Doing yoga in a chair will help you feel better supported (Picture: Deborah Green)

Our sedentary lifestyles cause all kinds of niggles, pains and longer-term problems.

Long working hours, and free-time spent online or binge-watching TV can have a huge impact on our health. It’s a pain in the neck, quite literally.

A YouGov survey commissioned by HSL found that well over half of adults (57%) aged 60 or above have constant aches and pains. Of those who suffered, 60% experience pain in their back. It isn’t only an issue for older people, either.

Adopting poor posture over a long period of time can have some grim side effects, from neck and backache to chest pain, breathlessness, faintness, tiredness and physical fatigue, stomach pains, digestive issues and more.

When you slouch, so does your spine, which can have an impact on your body’s circulation system, making it harder to breathe and comfortably move around.

There are many causes behind poor posture, however, the most common triggers are stress, sitting in an unsupportive chair or a chair that is adjusted at the wrong height, sleeping on an unsupportive mattress, or a lack of regular exercise and activity.

But some simple exercises could provide some much-needed relief from aches and pains, and even help to improve your posture long-term. And you don’t even need to stand up to do them.

Yoga teacher and expert, Deborah Green, says: ‘Practicing yoga from a chair is a wonderful way to bring mobility and movement into your body, no matter your age or ability, releasing any stiffness or tension from your muscles.

‘These are just a few of the physical benefits, as yoga also helps with anxiety, stress, mental clarity and concentration. Chair yoga may help you to feel a little safer and more supported as you move and free your body.’

Deborah teamed up with furniture manufacturer HSL to pull together six of her favourite chair-based yoga poses that will improve and promote better posture, with the added benefits of boosting your sense of calm.

‘Before you begin, start with adjusting your posture as this will help you to breathe properly and into the bottom of the lungs,’ Deborah advises.

‘Sit tall but add the support of cushions if you feel your back muscles becoming tired at any point.

‘To encourage relaxation and get into the right headspace for your practice, I encourage you to take deep, slow breaths for five minutes before moving into your warm-up.’

Mobility focused warm-up

Take your hands onto your shoulders and simply rotate your arms and shoulders in backward circles, imagining that you’re drawing a circle with the points of your elbows as you move through ten repetitions.

Upright back circles

While remaining seated, step your feet slightly wider than they naturally fall and place your hands on your knees for support as you begin to rotate your chest in circular motions.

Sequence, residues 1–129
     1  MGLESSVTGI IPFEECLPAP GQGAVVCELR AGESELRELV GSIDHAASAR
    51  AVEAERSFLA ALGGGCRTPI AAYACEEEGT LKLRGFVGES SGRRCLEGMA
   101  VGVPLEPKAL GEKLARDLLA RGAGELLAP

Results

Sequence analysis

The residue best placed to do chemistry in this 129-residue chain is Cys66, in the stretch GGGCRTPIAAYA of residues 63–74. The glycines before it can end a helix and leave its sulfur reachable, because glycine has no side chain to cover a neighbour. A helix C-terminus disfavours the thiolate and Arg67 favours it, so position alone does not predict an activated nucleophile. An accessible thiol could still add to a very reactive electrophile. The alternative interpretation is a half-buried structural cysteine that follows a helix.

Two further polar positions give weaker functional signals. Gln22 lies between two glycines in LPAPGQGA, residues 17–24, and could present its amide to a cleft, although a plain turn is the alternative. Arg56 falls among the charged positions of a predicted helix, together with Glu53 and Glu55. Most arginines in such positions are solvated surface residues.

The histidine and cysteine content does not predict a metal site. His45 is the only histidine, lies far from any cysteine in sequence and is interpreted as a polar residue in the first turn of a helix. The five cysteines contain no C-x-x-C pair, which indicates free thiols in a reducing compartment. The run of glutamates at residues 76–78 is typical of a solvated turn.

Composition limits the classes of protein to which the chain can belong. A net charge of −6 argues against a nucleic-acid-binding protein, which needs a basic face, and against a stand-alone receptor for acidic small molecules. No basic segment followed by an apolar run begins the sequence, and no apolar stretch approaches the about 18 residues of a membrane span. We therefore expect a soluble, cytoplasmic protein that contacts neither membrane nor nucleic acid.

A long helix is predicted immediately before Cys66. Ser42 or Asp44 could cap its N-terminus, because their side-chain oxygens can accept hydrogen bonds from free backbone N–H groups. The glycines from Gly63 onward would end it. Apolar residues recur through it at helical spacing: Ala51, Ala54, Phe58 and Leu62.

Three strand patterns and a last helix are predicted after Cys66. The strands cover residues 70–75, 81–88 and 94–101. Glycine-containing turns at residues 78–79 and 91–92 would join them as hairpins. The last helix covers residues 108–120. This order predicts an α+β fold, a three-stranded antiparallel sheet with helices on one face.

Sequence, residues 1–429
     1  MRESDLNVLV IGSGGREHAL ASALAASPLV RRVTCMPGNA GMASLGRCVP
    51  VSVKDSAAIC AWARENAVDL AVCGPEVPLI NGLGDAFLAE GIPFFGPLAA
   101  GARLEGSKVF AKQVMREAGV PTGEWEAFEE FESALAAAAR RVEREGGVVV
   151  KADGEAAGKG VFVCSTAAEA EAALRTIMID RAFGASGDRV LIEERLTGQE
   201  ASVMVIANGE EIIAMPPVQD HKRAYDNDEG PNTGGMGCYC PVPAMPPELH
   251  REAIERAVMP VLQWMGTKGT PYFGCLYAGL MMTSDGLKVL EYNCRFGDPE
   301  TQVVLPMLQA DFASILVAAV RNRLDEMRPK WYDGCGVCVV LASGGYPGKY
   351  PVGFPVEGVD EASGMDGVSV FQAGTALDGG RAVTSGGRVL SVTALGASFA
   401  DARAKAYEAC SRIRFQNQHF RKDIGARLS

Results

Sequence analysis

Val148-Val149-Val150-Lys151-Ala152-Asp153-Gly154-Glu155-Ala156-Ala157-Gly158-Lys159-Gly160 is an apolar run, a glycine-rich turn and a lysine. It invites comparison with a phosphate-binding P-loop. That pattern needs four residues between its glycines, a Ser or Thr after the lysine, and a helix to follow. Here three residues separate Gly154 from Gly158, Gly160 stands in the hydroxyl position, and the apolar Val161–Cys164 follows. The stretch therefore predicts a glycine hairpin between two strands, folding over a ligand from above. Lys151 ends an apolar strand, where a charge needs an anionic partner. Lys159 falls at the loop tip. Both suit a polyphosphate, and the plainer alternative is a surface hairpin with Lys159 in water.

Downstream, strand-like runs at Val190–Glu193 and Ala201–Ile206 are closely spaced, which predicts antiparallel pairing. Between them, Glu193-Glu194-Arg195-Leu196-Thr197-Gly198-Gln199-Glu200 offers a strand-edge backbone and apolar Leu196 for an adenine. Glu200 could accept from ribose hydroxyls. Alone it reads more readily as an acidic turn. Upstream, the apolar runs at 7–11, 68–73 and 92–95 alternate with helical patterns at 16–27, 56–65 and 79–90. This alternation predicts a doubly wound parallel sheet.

You’ll feel your chest opening forwards while your belly remains soft, and as you move through your rotations try and draw the belly into the spine to help the lower back to round.

To get the most out of this movement, I would recommend doing this ten times in each direction.

Open your chest and shoulders

Bring yourself to the edge of your chair and gently take your arms behind the small of your back, using your hands to find the opposite wrist and working to move them closer together until you feel some resistance.

Once you feel resistance, stay here and take six deep, slow breaths, allowing yourself to relax into the pose. Gently release your arms, rolling out your shoulders to ease out of the pose.

Sat down hip opener

Slowly bring your left ankle up onto your right knee and allow it to rest here. Take ten deep breaths to ease into the movement before returning your foot to the ground and repeating it on the other side.

If you feel that you have more tension in this area, feel free to relax into the pose for as long as you need.

Open up the side of your body

Chair yoga

Feel that side stretch (Picture: Deborah Green)

Sit up tall on your chair and take your left arm up, gently allowing it to fall over to the right hand side as you enjoy a nice, big stretch across the side of your body.

Ease yourself into the pose by taking five deep breaths and repeating it on the other side.

Come full circle

Return to the upright back circles you took at the first stage of your practice, stepping your feet slightly wider than resting position and place your hands on your knees as you rotate your chest in circular motions.

Continue to allow yourself to rotate ten times in each direction, enjoying the relaxation of your final pose and allowing your entire face to relax as you allow your breath to drift back into its own natural flow.

HSL postural expert and independent occupational therapist, Julie Jennings, says: ‘Throughout our day to day lives, our back is naturally placed under a certain level of stress – whether it be from sitting down at a desk all day, sleeping on an uneven and unsupportive mattress, or being inattentive to the way we hold ourselves when stood up.

‘It is important that we provide our spine with a little rest and relaxation to offset any unnecessary tension which could lead to more serious health issues down the line.’

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